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Recognising the signs & symptoms of cancer in young peopleCreated by Lisa in Health and Safety
Teenage years are supposed to be the best years of your life but for six young people every day, treat life seems to stop when they hear the devastating news they have cancer.
One minute life is about hanging out with mates, erectile learning to drive, sales or getting your first job, the next, it’s on hold and you’re in a hospital ward, frightened and alone. To make matters worse, many young people with cancer never meet another young person going through the same experience.
Teenage Cancer Trust is the only UK charity dedicated to improving the quality of life and chances of survival of young people aged 13 to 24. We want to make sure every one of them has access to the best possible care and professional support from the point of diagnosis.
Although cancer in young people is rare it’s important to recognise the warning signs. Some signs and symptoms of cancer are similar to other less harmful problems your grandchild may experience throughout their life. Nobody knows their body better than them so it’s important they are ready to spot if something changes. If they are ever worried about any of these signs and symptoms, get them to speak to their GP.
When visiting their GP it’s important to make sure the doctor listens to them. If you or they feel that they aren’t being listened to and questions have not been answered then encourage them to speak to another doctor and keep talking until someone does listen.
Since 1995 Teenage Cancer Trust has been running a pioneering education and advocacy programme offering free cancer awareness sessions to schools, colleges and universities across the UK, about cancer and prevention, myths, types of cancer treatments and healthy living.
Within these sessions we highlight that cancer symptoms are unexplained (you don’t know what’s causing them) AND persistent (may not go away OR always come back OR gradually get worse).
The five common signs of cancer in young people are:
- Pain (that doesn’t go away with painkillers)
- A lump, bump or swelling
- Extreme tiredness (meaning they find it hard to stay awake)
- Significant weight loss (more than a few pounds)
- Changes in a mole
The most common types of cancer that affect the 13-24 year old age group are:
- Bone cancer – A tumour that grows inside a bone
- Soft tissue sarcomas– Cancers of supportive tissue, which includes muscle, cartilage, fat cells and blood vessels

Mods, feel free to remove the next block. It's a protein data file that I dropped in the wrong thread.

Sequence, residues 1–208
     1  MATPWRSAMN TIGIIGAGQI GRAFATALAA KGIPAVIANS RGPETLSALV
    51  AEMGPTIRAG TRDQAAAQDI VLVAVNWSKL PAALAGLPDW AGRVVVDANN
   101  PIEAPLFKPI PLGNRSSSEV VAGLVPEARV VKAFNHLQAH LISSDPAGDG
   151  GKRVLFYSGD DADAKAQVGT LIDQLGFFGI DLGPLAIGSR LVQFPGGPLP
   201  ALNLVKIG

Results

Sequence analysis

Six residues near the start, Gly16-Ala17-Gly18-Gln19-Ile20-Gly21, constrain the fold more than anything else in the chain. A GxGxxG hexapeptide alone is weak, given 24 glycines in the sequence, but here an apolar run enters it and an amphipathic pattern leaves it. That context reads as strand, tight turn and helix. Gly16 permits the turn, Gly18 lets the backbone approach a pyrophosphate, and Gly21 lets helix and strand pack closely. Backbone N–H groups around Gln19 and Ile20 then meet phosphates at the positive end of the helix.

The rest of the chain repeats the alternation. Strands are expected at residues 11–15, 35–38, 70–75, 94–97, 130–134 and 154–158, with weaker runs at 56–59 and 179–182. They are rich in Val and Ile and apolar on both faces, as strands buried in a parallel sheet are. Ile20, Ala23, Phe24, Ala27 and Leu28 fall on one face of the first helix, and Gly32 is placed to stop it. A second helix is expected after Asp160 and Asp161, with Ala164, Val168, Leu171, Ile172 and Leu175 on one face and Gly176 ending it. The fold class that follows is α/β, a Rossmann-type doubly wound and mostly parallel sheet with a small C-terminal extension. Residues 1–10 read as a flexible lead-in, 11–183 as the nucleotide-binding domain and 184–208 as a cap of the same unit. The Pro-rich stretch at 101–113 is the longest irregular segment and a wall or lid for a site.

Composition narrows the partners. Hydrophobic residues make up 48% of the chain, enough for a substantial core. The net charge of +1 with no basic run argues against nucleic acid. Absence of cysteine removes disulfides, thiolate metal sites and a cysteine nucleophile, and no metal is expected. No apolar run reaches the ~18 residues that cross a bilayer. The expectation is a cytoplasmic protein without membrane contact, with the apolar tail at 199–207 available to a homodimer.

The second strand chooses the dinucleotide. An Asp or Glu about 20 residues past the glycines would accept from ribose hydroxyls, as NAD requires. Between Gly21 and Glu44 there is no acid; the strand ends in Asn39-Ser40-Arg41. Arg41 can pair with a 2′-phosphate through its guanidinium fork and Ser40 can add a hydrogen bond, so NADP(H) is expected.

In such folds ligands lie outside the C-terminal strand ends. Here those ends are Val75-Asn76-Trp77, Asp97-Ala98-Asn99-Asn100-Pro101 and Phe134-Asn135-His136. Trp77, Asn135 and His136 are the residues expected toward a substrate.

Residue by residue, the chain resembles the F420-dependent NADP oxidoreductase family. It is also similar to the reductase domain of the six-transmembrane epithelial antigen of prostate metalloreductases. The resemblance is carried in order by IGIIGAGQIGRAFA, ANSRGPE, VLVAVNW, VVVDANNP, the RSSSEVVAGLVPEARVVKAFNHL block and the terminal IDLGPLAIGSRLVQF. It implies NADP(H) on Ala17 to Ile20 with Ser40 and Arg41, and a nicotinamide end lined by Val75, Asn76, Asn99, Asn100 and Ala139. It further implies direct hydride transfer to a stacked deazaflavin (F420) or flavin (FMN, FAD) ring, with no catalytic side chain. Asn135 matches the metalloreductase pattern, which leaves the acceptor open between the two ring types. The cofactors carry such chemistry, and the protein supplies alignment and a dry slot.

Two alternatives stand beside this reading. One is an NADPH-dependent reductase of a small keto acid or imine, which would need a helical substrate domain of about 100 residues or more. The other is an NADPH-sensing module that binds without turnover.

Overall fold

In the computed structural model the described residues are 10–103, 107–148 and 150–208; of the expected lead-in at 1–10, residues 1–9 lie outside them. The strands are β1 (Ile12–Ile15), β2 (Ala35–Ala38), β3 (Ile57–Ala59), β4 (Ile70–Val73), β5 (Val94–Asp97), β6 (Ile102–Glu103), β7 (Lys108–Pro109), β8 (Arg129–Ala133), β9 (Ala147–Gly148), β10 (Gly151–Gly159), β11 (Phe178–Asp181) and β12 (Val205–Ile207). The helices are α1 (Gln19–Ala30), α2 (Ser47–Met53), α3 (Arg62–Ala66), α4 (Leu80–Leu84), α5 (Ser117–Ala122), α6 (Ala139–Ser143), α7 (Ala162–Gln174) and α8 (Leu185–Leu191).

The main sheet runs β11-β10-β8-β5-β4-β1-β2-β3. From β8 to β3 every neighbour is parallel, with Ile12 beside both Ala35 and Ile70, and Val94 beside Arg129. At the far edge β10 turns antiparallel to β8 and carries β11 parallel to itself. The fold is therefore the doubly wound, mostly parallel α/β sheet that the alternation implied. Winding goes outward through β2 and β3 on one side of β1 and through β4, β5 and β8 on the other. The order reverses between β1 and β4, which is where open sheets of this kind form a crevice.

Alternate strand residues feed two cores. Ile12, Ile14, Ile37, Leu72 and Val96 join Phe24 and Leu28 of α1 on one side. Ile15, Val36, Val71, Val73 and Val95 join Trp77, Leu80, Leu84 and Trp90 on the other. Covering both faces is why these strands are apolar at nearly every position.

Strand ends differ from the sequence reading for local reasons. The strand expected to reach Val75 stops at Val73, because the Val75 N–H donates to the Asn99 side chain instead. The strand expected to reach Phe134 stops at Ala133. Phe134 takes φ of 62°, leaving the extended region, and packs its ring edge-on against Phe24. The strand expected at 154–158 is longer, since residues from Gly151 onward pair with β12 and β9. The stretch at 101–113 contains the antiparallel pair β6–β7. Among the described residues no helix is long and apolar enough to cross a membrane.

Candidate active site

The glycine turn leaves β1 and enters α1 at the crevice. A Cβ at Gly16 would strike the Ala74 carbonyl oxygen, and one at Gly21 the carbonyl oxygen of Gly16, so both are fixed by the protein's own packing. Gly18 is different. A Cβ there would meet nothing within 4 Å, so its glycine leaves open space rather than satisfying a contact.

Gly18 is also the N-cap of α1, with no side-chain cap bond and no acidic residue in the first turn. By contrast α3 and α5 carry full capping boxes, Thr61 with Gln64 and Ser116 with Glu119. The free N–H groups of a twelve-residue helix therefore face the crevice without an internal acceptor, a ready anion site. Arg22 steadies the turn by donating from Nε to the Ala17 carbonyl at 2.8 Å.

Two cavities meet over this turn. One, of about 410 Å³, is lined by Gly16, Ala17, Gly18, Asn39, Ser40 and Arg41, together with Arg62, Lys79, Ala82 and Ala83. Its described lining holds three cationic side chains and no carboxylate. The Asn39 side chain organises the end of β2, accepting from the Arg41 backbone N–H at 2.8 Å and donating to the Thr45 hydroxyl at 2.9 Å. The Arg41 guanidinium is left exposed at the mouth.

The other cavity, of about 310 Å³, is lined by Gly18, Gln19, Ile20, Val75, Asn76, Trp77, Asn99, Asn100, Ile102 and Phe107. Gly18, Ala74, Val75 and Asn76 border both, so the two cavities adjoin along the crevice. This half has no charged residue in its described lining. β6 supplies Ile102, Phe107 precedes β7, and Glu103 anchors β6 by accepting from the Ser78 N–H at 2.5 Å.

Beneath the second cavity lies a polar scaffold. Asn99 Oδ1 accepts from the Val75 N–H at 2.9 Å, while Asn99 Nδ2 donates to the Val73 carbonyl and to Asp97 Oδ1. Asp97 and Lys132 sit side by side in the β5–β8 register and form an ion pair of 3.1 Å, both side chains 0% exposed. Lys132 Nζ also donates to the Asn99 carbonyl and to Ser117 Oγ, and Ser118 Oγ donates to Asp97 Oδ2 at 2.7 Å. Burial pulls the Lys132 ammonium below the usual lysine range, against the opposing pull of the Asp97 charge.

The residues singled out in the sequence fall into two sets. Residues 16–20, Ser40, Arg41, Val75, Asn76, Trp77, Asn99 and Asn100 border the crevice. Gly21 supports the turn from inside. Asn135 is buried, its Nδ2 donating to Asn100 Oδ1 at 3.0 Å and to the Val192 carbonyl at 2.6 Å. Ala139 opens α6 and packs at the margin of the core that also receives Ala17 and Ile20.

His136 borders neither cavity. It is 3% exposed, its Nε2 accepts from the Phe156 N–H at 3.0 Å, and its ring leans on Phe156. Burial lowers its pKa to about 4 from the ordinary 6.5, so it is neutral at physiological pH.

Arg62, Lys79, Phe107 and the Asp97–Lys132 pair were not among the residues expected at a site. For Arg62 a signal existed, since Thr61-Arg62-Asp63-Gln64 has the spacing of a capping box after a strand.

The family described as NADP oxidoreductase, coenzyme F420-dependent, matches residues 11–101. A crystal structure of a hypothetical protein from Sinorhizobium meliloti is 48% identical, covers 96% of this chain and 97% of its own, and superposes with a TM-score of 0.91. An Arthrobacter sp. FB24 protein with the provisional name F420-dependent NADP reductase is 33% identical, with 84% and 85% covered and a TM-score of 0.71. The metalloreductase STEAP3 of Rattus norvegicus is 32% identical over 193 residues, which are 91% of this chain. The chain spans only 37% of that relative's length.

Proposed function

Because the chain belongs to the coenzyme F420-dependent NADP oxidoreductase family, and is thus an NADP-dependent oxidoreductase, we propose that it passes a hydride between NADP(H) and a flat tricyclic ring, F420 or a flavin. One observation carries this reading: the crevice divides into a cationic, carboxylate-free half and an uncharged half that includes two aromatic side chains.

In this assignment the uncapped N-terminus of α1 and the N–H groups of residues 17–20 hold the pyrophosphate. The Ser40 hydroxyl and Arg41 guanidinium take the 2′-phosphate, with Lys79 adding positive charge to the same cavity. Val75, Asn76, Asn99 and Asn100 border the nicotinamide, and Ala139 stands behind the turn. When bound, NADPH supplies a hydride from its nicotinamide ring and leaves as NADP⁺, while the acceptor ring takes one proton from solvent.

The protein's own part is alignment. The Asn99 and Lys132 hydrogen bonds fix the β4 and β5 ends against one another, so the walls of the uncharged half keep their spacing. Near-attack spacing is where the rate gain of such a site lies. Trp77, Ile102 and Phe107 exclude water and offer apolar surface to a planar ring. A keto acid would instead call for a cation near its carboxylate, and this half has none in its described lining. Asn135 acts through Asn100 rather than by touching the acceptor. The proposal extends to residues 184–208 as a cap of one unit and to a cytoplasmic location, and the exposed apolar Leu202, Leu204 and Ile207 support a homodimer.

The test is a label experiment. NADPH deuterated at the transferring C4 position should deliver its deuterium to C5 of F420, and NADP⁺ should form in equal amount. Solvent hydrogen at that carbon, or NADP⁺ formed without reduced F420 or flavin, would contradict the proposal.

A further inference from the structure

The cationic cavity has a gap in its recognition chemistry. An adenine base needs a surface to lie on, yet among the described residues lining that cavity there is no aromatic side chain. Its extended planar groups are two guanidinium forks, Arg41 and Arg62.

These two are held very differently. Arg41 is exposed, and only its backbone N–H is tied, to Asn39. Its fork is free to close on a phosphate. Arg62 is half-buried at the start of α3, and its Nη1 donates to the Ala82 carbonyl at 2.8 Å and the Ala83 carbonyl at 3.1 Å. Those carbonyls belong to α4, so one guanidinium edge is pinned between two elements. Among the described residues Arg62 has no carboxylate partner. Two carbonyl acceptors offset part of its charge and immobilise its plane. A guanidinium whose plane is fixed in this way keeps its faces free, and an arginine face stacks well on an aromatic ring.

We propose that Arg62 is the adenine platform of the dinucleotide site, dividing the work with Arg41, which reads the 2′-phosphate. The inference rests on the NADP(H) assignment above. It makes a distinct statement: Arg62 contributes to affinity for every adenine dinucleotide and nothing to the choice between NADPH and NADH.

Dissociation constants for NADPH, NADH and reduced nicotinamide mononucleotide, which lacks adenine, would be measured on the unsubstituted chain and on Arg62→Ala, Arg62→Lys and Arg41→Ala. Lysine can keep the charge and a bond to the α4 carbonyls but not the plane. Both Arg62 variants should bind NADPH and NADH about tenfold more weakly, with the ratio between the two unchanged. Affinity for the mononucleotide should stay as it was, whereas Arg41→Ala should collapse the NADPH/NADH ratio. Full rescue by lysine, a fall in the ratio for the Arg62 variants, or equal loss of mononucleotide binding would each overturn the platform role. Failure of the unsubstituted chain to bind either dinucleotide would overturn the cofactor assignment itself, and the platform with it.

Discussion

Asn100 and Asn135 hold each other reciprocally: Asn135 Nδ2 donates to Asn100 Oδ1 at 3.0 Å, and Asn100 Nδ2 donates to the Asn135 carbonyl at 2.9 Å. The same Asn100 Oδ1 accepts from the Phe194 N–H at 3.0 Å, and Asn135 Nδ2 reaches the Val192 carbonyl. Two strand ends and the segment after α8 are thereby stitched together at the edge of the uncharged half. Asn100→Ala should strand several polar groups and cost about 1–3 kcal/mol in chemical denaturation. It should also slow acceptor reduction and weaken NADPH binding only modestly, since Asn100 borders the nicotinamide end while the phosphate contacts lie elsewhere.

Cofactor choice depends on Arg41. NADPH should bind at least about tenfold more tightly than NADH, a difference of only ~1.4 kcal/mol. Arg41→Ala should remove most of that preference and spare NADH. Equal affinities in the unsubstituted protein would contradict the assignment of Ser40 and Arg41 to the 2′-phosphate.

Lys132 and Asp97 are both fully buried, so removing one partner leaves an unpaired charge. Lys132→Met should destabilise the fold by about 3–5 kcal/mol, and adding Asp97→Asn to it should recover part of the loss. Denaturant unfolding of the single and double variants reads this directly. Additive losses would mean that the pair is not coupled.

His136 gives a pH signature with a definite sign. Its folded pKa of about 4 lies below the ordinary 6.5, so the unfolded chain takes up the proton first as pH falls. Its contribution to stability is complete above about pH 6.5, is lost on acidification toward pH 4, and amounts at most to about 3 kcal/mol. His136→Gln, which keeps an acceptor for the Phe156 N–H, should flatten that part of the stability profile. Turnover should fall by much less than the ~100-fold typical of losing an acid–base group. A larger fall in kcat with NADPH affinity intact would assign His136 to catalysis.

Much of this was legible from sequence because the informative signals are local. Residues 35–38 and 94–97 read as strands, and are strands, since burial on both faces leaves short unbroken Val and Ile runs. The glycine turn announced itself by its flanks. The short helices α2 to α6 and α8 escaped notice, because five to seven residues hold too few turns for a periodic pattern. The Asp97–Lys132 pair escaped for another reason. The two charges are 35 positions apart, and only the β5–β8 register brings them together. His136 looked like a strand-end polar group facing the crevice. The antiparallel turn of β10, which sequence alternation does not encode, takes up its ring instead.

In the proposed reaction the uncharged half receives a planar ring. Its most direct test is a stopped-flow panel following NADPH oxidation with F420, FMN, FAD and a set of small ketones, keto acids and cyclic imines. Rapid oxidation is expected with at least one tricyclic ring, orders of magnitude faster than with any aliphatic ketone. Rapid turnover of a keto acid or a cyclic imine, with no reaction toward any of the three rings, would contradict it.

- Brain tumours – Cancers that affect the brain and it’s supportive tissue
- Skin cancer – The most common cancer in young women in the UK aged between 15-24
- Lymphoma – Cancer of the lymphatic system, part of the body’s immune system
- Leukaemia – Cancer of the cells in bone marrow, where new blood cells are made
- Testicular cancer – Makes up nearly a third of all cancers in young men
- Ovarian cancer – Starts in the ovaries, where women produce eggs
- Cervical cancer – Forms in tissue of the cervix
- Thyroid cancer – The thyroid is a gland in the neck, which produces hormones which control growth and development
If a young person is diagnosed with cancer then Teenage Cancer Trust is here to support them. Teenage Cancer Trust believes young people’s lives shouldn’t stop because they have cancer and we treat them as young people first, cancer patients second. We know how damaging it is to take a young person away from their everyday life, their friends and family and put them in a hospital ward with small children or older people. We also know that young people have a much better chance in their fight against cancer if they are treated by teenage cancer experts, in an environment designed just for them.
That’s why we build specialist units in NHS hospitals, bringing young people together where they can receive the very best specialist treatment and also support each other. Currently we have 22 units across the UK and plan to build a further ten. Our units aren’t like ordinary cancer wards. They are designed to feel like places young people might naturally hang out. The walls are bright, the furniture is funky, there might be pool tables and a jukebox and there’s always a place to watch films and surf the net. Alongside all of this is a medical team of teenage cancer specialists with expertise that’s second to none.
By Teenage Cancer Trust
We rely solely on donations to fund our vital work. You can help transform the lives of young people with cancer. Visit www.teenagecancertrust.org to find out how. To arrange a free cancer awareness session from Teenage Cancer Trust’s Education Programme email email@example.com or call 020 7612 0370.